Pastors, members plead for ‘religious freedom’
Among those in the standing-room-only crowd Monday morning were members of various churches including Valleydale Baptist, which has been at the center of the zoning controversy from the start.
Many of the residents including Carolyn Brewer pled with the commission.
&uot;I ask you to not hinder or restrict the growth of our church (Valleydale Baptist), so we, as ambassadors of Jesus Christ, can continue to reach out to a hurting world,&uot; she said.
Kenneth Pruitt, a five-year resident of Shelby County, agreed.
&uot;If you do anything to restrict the work of the church, you restrict the work of God,&uot; Pruitt said. &uot;I don’t want to be standing in the way when God decides to move.&uot;
Keith Stanley, one of Valleydale Baptist’s pastors, said objective, not subjective, zoning ordinances are important for Shelby County.
&uot;Let’s just say no to this ordinance before we all regret the moral impact of it,&uot; he said.
Stanley was joined by the Rev. Calvin Kelly of VBC.
&uot;The power to zone churches is the power to destroy churches,&uot; he said.
Pastors from other churches across the county turned out for the commission meeting as well.
The Rev. Rick Ousley of The Church at Brook Hills urged caution in approving an amendment to the zoning ordinance that seemed so subjective.
&uot;It is of grave concern to me that we make the best decision regarding conditional or permitted use recognizing that we don’t have community without church or church without community,&uot; he said. &uot;Regardless of the decision that is made, the God I serve will grow our church. We will not legislate the kingdom of God.&uot;
The Rev. Danny Duvall of the Christian Life Church on Valleydale Road said his concerns centered on the cost for making application to the Planning Commission, which has been estimated at some $50,000, which, he said, for smaller churches could make physical growth impossible.
&uot;I’m not so much concerned about Christian Life’s future because we have momentum … money. But as time keeps moving on, there will be a breakdown of the haves and the cannots,&uot; Duvall said. &uot;A man with only a dream and a vision will be up against a brick wall.&uot;
Larry Morris of the New Day Christian Fellowship agreed.
&uot;Two years ago, we were small. We had no resources. Site plan costs would have been impossible,&uot; Morris said. &uot;This could prohibit most new churches from being able to build.&uot;
Others from the Shelby County community spoke to the commission as well.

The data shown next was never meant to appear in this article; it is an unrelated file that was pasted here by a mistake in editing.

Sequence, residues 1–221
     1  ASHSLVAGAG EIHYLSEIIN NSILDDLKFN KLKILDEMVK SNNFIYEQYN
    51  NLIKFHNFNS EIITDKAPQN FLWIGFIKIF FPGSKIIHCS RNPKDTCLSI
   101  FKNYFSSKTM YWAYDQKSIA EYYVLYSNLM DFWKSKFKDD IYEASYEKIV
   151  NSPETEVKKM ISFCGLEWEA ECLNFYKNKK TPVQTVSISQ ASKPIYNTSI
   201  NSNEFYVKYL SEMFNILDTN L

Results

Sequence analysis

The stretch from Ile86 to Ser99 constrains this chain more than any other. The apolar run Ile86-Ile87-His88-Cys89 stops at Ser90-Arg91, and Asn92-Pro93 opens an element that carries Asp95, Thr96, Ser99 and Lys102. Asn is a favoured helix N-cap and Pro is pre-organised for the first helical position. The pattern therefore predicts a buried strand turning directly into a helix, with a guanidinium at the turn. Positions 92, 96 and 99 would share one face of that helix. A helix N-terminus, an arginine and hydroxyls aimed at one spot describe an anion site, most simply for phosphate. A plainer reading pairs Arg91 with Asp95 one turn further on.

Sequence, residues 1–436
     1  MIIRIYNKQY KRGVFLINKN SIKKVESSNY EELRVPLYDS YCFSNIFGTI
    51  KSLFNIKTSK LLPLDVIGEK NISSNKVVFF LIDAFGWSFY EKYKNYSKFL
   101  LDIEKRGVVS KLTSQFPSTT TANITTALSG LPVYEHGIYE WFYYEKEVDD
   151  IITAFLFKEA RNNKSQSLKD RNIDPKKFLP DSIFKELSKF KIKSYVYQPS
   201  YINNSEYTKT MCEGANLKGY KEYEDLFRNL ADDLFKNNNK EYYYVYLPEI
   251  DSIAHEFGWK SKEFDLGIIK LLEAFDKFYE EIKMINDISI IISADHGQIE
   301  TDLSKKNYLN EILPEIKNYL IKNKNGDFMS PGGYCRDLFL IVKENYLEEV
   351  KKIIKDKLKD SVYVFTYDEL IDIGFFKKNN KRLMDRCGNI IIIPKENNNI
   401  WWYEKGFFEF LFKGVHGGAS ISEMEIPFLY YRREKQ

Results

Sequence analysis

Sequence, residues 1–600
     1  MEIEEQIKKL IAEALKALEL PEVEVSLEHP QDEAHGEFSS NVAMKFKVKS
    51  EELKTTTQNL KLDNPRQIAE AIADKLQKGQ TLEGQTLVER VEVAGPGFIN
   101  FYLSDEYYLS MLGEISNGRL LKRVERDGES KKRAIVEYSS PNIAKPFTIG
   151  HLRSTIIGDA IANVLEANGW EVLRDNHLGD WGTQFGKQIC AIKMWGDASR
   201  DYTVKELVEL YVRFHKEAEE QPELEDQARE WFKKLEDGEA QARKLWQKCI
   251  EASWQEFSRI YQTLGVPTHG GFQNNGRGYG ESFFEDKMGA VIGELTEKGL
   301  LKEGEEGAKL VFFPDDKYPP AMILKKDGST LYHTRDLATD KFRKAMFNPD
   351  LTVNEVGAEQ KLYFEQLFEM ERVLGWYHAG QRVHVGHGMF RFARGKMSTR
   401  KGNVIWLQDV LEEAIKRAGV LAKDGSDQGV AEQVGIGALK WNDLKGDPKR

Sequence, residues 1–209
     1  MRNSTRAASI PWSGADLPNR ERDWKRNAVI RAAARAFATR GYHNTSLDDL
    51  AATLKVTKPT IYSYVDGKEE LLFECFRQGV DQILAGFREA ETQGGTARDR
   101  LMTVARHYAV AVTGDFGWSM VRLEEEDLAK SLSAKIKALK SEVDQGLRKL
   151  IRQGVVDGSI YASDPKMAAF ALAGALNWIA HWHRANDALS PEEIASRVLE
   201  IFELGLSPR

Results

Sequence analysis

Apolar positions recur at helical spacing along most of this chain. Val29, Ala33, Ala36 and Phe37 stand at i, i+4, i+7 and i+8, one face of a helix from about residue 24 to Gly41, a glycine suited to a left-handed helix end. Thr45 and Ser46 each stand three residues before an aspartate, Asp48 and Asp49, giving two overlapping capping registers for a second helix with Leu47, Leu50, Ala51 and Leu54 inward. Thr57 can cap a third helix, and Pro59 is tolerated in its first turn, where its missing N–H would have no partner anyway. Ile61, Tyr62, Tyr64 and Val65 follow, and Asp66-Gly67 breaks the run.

Charles Quinn has lived in the county for 22 years.
&uot;This issue is bigger than property values. It’s a part of life, of growth, of change in our community,&uot; Quinn said. &uot;I’m asking you to do the right thing.&uot;
County resident Kenneth Dennis urged the commissioners to vote against the measure.
&uot;What goes on here (in Shelby County) is watched closely by people across the state,&uot; Dennis said.
Dennis offered another suggestion.
&uot;Table this five or 10 years. That will give those in opposition (in favor of conditional zoning for nonresidential uses) time to make enough money to move out of Shelby County,&uot; he said.
Those in favor of conditional zoning were also well represented Monday morning.
A county resident for 23 years, Carl Grant, said he supported the Planning Commission’s recommendation.
&uot;What Planning Commission has done makes a lot of sense,&uot; he said. &uot;The key is residential communication.&uot;
Resident Clyde Wolfe agreed.
&uot;Our opinions about what goes on in our neighborhoods deserve some consideration,&uot; Wolfe said. &uot;I don’t understand why the entities that we depend on to set the standards are not willing to abide by the laws the rest of us must abide by.&uot;
Resident Jack O’Bryan said no one envisioned the sort of growth Shelby County faces.
&uot;We’re not here to stop somebody’s religion. No one envisioned a rape and scrape method of putting in a Wal-Mart-sized parking lot across the street from your home,&uot; he said.
&uot;We have to remember that the church is not the building. It’s the people. But it’s the building that causes the damage,&uot; O’Bryan said
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